medwireNews: Adding the androgen receptor inhibitor darolutamide to androgen-deprivation therapy plus docetaxel significantly improves overall survival (OS) in men with metastatic hormone-sensitive prostate cancer (mHSPC), show data from the phase 3 ARASENS trial.
Furthermore, the “survival benefit was observed despite a high percentage of patients who received subsequent life-prolonging systemic therapy in the placebo group,” write Matthew Smith (Harvard Medical School, Boston, Massachusetts, USA) and colleagues in The New England Journal of Medicine.
The study findings were simultaneously presented at the 2022 ASCO Genitourinary Cancers Symposium in San Francisco, California, USA.
At 4 years, the OS rate was 62.7% among the 651 men randomly assigned to receive darolutamide 600 mg twice daily in combination with androgen deprivation therapy (ADT) and docetaxel.
By comparison, it was 50.4% among the 655 men given placebo plus ADT and docetaxel, with the resulting difference corresponding to a significant 32% lower risk for death in the darolutamide group.
Median OS was not reached in the darolutamide arm and was 48.9 months in the placebo arm.
The researchers also report that, relative to placebo, darolutamide was “associated with consistent benefits with respect to the secondary end points.” These included median time to castration-resistant prostate cancer (not reached vs 19.1 months), time to pain progression (not reached vs 27.5 months), symptomatic skeletal event-free survival time (51.2 vs 39.7 months), and time to initiation of subsequent systemic antineoplastic therapy (not reached vs 25.3 months).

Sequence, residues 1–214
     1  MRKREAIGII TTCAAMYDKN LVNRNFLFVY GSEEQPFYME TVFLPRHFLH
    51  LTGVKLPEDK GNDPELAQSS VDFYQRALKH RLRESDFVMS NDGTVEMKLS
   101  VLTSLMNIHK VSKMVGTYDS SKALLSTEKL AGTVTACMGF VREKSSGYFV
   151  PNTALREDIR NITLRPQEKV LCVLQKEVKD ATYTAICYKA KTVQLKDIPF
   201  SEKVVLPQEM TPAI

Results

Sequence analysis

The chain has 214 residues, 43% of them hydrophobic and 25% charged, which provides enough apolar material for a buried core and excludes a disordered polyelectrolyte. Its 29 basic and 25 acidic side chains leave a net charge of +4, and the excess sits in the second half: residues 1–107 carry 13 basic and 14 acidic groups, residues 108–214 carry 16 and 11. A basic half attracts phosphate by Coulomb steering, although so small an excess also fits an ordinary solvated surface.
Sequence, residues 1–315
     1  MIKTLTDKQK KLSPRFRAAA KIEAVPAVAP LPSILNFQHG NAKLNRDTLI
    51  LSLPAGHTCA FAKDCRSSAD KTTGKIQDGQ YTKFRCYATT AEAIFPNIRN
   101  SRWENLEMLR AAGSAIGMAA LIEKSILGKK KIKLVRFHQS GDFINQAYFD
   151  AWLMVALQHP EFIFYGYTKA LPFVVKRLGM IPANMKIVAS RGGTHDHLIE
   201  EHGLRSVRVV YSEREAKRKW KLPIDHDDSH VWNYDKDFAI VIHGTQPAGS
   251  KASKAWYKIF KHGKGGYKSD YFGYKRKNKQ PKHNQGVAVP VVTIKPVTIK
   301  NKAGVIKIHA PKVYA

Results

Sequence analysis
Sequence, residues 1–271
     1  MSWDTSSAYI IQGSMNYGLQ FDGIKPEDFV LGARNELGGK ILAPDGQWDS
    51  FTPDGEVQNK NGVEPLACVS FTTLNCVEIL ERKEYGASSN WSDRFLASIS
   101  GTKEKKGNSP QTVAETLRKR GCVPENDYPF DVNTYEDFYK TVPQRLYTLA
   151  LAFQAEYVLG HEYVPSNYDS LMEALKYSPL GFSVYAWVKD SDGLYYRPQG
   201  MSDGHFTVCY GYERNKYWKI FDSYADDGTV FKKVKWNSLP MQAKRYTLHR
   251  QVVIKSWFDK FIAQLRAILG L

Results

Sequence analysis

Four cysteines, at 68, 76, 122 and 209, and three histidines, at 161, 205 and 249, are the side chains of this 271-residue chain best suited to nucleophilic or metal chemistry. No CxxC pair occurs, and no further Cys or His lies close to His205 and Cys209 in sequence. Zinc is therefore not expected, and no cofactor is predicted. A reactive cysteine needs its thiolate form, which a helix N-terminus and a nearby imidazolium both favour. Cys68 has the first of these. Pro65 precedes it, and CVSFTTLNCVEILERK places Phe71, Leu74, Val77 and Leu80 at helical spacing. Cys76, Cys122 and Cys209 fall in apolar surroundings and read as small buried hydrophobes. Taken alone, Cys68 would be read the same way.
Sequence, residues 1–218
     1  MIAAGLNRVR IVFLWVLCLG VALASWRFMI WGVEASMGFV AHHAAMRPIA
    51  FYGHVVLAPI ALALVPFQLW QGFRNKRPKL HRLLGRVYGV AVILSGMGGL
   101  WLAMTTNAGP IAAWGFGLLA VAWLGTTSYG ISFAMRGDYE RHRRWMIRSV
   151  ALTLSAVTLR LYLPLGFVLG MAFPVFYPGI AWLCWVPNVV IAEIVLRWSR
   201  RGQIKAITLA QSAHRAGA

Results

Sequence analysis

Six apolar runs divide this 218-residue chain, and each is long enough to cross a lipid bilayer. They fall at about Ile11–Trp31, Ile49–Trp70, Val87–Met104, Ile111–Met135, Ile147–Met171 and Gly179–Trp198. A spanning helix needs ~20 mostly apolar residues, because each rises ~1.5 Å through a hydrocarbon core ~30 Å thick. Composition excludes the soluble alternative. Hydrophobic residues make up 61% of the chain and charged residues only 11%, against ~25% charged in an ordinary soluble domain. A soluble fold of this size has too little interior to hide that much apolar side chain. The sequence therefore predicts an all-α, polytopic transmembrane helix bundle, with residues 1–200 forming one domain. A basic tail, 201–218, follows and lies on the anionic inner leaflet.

The corresponding risk reductions for each of these outcomes were a significant 64%, 21%, 39%, and 61% with darolutamide versus placebo.
However, darolutamide use did not significantly shorten the time to worsening of disease-related physical symptoms or time to initiation of opioids for 7 or more consecutive days.
Adverse event (AE) rates were similar between the two groups, and were highest during the overlapping docetaxel treatment period in both groups, Smith et al note.
Grade 3 or 4 AEs occurred in 66.1% of participants given darolutamide and 63.5% of those who received placebo, with neutropenia the most common event of this severity (33.7 vs 34.2%). Serious AEs were reported in 44.8% and 42.3%, respectively, while AE-related deaths occurred in 4.1% and 4.0%. Overall, 13.5% of participants in the darolutamide group discontinued treated due to AEs, as did 10.6% of those in the placebo group.
The majority of any-grade AEs of special interest for patients receiving androgen receptor pathway inhibitors occurred at a similar rate in the two groups, with the exception of rash, at 16.6% in the darolutamide group versus 13.5% in the placebo group, and hypertension, at 13.7% versus 9.2%.
Smith and co-authors conclude that the ARASENS trial “provided clear and compelling evidence that overall survival was significantly longer among patients who received combination therapy with darolutamide, androgen-deprivation therapy, and docetaxel than among those who received androgen-deprivation therapy and docetaxel alone.”
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